With its three volcanic cones, “Kibo”, “Mawenzi”, and “Shira”, is a dormant volcano in Tanzania. It is the highest mountain in Africa and rises approximately 4,900 m (16,000 ft) from its base to 5,895 metres (19,341 ft) above sea level.
You can inquire about full moon treks, where the final trek to the summit done at night is under the light of the full moon. Visibility is better and the weather tends to be more settled.
ABOUT MOUNT KILIMANJARO
The origin of the name "Kilimanjaro" is not precisely known, Jim Thompson claimed in 1885, although he also did not support his claim, that the term Kilima-Njaro "has generally been understood to mean" the Mountain (Kilima) of Greatness (Njaro). "Though not improbably it may mean" the "White" mountain. Others have assumed that "Kilima" is Kiswahili for "mountain". The problem with this assumption is that "Kilima" actually means "hill" and is, therefore, the diminutive of "Mlima", the proper Kiswahili word for mountain. However, "It is possible that an early European visitor, whose knowledge of [Kiswahili] was not extensive, changed mlima to kilima by analogy with the two Wachagga names; Kibo and Kimawenzi.
In 1889, Meyer became the first recorded person to successfully climb Mount Kilimanjaro with Austrian mountaineer Ludwig Purtscheller on his third attempt. The success of this attempt was based on the establishment of several campsites with food supplies so that multiple attempts at the top could be made without having to descend too far. Meyer and Purtscheller pushed to near the crater rim on October 3 but turned around exhausted from hacking footsteps in the icy slope. Three days later, on Purtscheller's fortieth birthday, they reached the highest summit on the southern rim of the crater. They were the first to confirm that Kibo has a crater. After descending to the saddle between Kibo and Mawenzi, Meyer and Purtscheller attempted to climb the more technically challenging Mawenzi but could reach only the top of Klute Peak, a subsidiary peak, before retreating due to illness. On October 18, they reascended Kibo to enter and study the crater, cresting the rim at Hans Meyers Notch. In total, Meyer and Purtscheller spent 16 days above 15,000 feet (4,600 m) during their expedition.They were accompanied in their high camps by Mwini Amani of Pangani, who cooked and supplied the sites with water and firewood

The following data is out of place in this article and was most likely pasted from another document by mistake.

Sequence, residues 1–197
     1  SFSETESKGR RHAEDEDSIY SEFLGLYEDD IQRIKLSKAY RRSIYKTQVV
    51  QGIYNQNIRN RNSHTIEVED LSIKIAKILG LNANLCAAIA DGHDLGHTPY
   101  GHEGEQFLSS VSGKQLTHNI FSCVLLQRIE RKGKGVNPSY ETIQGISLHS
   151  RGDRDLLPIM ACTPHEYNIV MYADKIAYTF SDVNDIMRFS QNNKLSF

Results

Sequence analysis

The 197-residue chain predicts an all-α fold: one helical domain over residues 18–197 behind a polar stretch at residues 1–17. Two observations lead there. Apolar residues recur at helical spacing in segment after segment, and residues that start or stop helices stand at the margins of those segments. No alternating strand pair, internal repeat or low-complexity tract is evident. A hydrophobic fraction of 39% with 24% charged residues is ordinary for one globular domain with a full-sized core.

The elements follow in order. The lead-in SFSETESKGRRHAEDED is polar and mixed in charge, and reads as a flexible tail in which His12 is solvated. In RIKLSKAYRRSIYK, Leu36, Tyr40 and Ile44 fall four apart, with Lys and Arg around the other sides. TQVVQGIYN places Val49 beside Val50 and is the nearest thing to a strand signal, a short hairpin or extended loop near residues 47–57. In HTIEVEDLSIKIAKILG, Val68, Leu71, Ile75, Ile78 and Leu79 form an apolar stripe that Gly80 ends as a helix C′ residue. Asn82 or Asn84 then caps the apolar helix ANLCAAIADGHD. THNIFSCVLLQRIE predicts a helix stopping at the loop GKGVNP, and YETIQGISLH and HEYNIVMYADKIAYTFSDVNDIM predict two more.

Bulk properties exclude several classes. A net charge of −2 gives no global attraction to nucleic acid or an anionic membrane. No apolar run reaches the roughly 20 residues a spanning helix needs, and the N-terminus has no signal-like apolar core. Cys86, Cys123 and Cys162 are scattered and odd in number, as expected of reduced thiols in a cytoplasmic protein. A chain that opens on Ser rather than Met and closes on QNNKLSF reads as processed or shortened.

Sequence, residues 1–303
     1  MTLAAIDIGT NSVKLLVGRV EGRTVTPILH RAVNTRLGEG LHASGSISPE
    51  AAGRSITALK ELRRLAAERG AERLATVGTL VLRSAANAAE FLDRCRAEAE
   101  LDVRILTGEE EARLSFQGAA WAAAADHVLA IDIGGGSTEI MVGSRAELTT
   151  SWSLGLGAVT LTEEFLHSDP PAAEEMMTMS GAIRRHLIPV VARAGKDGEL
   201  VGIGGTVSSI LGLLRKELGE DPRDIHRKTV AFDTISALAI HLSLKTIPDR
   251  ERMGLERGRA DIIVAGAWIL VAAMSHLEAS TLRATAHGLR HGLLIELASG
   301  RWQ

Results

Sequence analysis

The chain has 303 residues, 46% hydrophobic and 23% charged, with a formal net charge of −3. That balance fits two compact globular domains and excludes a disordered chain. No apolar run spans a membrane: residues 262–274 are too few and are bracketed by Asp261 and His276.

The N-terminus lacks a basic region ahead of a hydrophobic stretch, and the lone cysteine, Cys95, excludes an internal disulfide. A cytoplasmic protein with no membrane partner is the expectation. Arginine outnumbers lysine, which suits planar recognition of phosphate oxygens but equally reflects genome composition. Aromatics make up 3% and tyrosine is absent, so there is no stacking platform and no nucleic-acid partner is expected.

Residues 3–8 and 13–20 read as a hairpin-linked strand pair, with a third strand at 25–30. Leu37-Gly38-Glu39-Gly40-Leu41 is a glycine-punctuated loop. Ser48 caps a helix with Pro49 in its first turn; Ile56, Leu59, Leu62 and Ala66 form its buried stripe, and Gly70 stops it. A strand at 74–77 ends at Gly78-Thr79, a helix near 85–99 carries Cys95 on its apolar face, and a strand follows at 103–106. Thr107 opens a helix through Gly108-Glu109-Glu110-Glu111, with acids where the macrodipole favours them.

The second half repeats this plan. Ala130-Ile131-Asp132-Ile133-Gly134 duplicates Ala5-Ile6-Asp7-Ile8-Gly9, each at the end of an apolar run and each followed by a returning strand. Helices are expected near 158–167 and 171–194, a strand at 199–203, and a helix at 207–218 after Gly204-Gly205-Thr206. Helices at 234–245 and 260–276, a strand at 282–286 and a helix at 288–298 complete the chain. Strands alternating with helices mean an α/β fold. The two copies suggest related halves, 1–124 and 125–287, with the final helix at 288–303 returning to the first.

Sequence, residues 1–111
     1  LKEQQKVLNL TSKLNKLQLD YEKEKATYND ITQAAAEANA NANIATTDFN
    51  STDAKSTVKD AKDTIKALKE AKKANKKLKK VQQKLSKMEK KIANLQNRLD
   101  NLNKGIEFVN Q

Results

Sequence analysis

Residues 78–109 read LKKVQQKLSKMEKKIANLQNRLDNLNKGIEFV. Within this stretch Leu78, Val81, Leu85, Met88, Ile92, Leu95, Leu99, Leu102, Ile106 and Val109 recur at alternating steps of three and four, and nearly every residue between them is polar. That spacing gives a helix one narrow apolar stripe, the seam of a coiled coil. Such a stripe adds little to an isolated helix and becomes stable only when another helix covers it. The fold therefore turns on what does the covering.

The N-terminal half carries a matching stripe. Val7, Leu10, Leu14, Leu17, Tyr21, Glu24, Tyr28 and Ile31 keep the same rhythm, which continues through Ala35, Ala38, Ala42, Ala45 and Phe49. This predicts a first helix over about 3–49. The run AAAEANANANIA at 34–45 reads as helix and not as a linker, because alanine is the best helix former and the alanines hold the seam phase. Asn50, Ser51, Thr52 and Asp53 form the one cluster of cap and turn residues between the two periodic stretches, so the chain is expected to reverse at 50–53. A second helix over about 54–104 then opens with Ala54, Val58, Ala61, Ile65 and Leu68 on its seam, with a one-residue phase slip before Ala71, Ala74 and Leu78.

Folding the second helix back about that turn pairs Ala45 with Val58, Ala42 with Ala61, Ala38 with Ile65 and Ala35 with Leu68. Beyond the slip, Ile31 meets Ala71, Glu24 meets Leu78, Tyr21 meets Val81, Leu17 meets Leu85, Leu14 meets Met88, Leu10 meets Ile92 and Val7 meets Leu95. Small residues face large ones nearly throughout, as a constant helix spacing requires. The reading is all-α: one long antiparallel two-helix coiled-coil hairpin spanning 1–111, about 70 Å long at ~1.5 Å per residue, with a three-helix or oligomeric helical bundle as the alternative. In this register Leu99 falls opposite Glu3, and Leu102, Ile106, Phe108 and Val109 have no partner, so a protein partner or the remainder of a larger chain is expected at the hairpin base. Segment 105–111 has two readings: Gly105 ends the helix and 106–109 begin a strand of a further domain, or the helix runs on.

The first ascent of the highest summit of Mawenzi was made on 29 July 1912, by the German climbers Edward Oehler and Fritz Klute, who christened it Hans Meyer Peak. Oehler and Klute went on to make the third-ever ascent of Kibo, via the Drygalski Glacier, and descended via the Western Breach.